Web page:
- Estimating the Quantifiable Characteristics of Products, Events, or Information — Estimating sizes, distances, and quantities; or determining time, costs, resources, or materials needed to perform a work activity.
- Provide Consultation and Advice to Others — Providing guidance and expert advice to management or other groups on technical, systems-, or process-related topics.
- Thinking Creatively — Developing, designing, or creating new applications, ideas, relationships, systems, or products, including artistic contributions.
Detailed Work Activities
- Review technical documents to plan work.
- Confer with other personnel to resolve design or operational problems.
- Resolve operational performance problems.
- Test performance of electrical, electronic, mechanical, or integrated systems or equipment.
- Maintain electronic equipment.
- Assemble equipment or components.
- Calibrate scientific or technical equipment.
- Maintain operational records or records systems.
- Advise customers on the use of products or services.
- Prepare procedural documents.
- Purchase materials, equipment, or other resources.
- Create schematic drawings for electronics.
- Update technical knowledge.
- Create physical models or prototypes.
- Fabricate products or components using machine tools.
- Develop technical methods or processes.
- Develop software or computer applications.
- Survey land or bodies of water to measure or determine features.
- Indoors, Environmentally Controlled — 85% responded “Every day.”
- Face-to-Face Discussions — 73% responded “Every day.”
- Electronic Mail — 74% responded “Every day.”
- Freedom to Make Decisions — 60% responded “A lot of freedom.”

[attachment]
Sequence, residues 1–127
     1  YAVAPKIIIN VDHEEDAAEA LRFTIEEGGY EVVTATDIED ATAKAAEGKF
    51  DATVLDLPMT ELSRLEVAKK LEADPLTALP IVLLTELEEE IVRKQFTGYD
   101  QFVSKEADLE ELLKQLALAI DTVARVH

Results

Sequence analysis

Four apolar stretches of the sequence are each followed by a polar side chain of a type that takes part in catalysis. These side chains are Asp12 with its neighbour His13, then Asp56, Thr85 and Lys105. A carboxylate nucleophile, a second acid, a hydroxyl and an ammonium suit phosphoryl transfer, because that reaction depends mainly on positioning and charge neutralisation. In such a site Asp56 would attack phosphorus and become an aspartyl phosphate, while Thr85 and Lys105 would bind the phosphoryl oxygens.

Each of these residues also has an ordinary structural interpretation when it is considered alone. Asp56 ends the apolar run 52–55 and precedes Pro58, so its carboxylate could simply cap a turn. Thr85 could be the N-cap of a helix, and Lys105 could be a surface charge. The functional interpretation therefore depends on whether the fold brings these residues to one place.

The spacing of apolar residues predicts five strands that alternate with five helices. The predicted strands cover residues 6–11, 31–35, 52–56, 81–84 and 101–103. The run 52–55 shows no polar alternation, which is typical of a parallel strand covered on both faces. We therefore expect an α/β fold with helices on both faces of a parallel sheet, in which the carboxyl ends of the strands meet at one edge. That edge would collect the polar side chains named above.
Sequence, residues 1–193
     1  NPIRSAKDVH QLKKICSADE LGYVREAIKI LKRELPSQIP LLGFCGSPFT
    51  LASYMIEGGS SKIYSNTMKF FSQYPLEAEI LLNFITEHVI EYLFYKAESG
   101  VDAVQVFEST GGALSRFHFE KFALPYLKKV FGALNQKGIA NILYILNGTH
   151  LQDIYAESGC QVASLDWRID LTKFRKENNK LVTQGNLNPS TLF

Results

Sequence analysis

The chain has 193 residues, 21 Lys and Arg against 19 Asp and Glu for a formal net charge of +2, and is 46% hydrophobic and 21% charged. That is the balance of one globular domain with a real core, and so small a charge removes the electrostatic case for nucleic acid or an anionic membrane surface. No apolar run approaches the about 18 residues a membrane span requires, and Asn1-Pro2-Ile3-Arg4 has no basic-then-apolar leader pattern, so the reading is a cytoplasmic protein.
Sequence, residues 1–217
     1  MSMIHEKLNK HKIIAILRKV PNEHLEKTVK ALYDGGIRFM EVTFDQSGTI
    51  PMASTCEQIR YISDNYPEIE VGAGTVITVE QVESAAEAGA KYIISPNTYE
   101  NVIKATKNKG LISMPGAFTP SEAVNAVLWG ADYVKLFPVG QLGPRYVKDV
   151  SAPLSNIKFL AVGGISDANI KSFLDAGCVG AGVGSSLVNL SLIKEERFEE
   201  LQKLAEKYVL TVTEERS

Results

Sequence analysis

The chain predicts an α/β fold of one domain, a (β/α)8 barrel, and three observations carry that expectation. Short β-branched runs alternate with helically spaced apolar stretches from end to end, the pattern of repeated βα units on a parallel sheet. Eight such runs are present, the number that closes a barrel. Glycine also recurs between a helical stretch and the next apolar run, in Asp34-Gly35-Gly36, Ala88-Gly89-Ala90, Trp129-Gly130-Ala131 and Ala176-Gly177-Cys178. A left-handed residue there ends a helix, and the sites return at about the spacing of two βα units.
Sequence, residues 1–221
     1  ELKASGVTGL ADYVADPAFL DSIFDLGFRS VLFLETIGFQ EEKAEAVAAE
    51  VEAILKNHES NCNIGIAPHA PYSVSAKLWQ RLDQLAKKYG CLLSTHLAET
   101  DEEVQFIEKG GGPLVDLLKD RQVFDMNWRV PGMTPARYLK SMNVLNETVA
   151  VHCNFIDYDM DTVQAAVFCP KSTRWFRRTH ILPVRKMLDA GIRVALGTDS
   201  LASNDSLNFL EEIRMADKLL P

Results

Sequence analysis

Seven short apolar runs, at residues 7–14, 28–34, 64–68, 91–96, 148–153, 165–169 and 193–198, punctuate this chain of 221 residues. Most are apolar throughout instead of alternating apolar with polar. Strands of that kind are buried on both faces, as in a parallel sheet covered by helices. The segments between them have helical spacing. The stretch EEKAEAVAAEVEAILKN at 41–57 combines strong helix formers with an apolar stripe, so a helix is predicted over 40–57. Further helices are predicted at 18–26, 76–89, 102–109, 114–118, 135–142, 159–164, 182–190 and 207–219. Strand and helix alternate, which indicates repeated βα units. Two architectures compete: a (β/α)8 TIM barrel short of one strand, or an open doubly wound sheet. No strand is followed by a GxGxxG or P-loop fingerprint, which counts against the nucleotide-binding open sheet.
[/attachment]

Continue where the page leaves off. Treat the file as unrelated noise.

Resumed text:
- Importance of Being Exact or Accurate — 52% responded “Extremely important.”
- Work With Work Group or Team — 57% responded “Extremely important.”
- Structured versus Unstructured Work — 49% responded “Some freedom.”
- Contact With Others — 44% responded “Constant contact with others.”
- Spend Time Using Your Hands to Handle, Control, or Feel Objects, Tools, or Controls — 46% responded “Continually or almost continually.”
- Telephone — 51% responded “Every day.”
- Duration of Typical Work Week — 65% responded “40 hours.”
- Responsible for Others' Health and Safety — 44% responded “High responsibility.”
- Impact of Decisions on Co-workers or Company Results — 45% responded “Important results.”
- Coordinate or Lead Others — 53% responded “Very important.”
- Wear Common Protective or Safety Equipment such as Safety Shoes, Glasses, Gloves, Hearing Protection, Hard Hats, or Life Jackets — 51% responded “Every day.”
- Spend Time Sitting — 35% responded “More than half the time.”
- Frequency of Decision Making — 40% responded “Once a week or more but not every day.”
- Time Pressure — 47% responded “Once a week or more but not every day.”
- Responsibility for Outcomes and Results — 34% responded “High responsibility.”
- Importance of Repeating Same Tasks — 33% responded “Important.”
- Sounds, Noise Levels Are Distracting or Uncomfortable — 43% responded “Once a month or more but not every week.”
- Physical Proximity — 60% responded “Slightly close (e.g., shared office).”
|Title||Job Zone Three: Medium Preparation Needed|
|Education||Most occupations in this zone require training in vocational schools, related on-the-job experience, or an associate's degree.|
|Related Experience||Previous work-related skill, knowledge, or experience is required for these occupations. For example, an electrician must have completed three or four years of apprenticeship or several years of vocational training, and often must have passed a licensing exam, in order to perform the job.|
|Job Training||Employees in these occupations usually need one or two years of training involving both on-the-job experience and informal training with experienced workers. A recognized apprenticeship program may be associated with these occupations.|
|Job Zone Examples||These occupations usually involve using communication and organizational skills to coordinate, supervise, manage, or train others to accomplish goals. Examples include food service managers, travel guides, electricians, agricultural technicians, barbers, nannies, and medical assistants.|